You can perfectly utilize the BT mode when you commute, but if you have space and don’t bother hooking up cables to your source device, go with the wired modes. It has more body and bass with USB mode compared to a more flat and lifeless signature with Bluetooth. Transparency is better with the USB mode as well. Wireless is not recommended from a pure sound perspective.

Comparisons

Dethonray Honey H1 Review

The Honey H1 is a special device with its OG Hugo-like presentation with fantastic timbre and warmth. However, it suffers from operational problems and an inferiorly designed volume dial. It also needs selective pairings because of its very warm and full sound.

The Gryphon though has excellent versatility since it sounds very good with whatever you throw at it. It has more space and air in its stage, with better separation and superior transparency. The H1 performs excellently when you match it with a proper IEM/headphone only, and that limits the device’s overall performance with not-so-good pairings.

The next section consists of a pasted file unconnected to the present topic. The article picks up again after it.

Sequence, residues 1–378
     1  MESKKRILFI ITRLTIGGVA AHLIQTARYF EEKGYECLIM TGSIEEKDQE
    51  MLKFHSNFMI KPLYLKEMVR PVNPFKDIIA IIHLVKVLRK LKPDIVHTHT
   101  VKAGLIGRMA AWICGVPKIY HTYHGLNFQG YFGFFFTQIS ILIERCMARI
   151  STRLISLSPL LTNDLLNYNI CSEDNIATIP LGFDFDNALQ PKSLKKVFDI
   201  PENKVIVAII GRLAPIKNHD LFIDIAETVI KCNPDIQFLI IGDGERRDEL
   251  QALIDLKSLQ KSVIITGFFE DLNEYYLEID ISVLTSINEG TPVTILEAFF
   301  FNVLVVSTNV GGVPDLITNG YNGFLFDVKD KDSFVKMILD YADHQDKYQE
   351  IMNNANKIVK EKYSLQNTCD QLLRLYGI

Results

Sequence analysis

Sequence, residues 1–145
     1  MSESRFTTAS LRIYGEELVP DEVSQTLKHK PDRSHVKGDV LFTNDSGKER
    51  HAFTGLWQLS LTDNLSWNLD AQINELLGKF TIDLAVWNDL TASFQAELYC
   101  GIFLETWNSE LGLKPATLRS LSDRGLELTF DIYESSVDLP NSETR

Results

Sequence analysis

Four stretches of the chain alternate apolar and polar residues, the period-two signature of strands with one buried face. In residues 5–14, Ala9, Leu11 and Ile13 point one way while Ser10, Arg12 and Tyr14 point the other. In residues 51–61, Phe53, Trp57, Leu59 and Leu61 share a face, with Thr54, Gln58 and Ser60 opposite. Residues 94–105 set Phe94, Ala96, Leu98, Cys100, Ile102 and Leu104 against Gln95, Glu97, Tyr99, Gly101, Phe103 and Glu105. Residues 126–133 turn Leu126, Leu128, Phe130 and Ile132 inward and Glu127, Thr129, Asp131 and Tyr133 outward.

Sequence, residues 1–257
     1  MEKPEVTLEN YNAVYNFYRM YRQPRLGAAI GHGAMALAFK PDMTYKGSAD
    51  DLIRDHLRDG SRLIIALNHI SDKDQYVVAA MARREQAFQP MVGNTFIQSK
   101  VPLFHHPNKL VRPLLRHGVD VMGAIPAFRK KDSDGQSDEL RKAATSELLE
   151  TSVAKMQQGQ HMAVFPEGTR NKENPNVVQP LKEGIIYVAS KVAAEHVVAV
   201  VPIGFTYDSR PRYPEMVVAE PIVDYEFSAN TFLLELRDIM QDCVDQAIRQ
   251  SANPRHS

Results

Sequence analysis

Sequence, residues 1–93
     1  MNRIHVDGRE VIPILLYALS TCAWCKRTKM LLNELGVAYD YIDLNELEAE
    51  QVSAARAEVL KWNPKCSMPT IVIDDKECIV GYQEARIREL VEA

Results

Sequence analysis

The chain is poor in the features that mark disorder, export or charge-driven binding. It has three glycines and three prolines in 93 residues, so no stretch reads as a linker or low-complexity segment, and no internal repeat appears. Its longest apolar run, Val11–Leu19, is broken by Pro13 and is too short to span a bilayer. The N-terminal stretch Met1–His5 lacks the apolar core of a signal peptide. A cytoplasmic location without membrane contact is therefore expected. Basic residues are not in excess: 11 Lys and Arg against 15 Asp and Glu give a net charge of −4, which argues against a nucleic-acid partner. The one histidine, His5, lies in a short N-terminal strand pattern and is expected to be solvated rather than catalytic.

The xDSD is a superior device in terms of operation as well, with a smooth user experience and a very helpful OLED screen. It’s also smaller and lighter with a pocketable form factor.

iFi Audio Micro iDSD Signature Review

The iDSD Signature is another excellent release from iFi, improving the already very successful iDSD Black Label. To cut it short, the Signature simply sounds better with more spaciousness, dynamism, definition and resolution. It’s also more powerful for demanding headphones such as planar magnetics or demanding dynamic ones like the HD800 series.

If you plan to get a DAC/Amp for your IEMs though, I recommend the xDSD Gryphon simply because of portability. If you need the best performance on a desktop system, get the Signature. Simple.

I’m very curious about the xDSD Gryphon’s performance against the new Mojo 2. I haven’t yet heard the Chord’s new device though. Hopefully soon.

Conclusion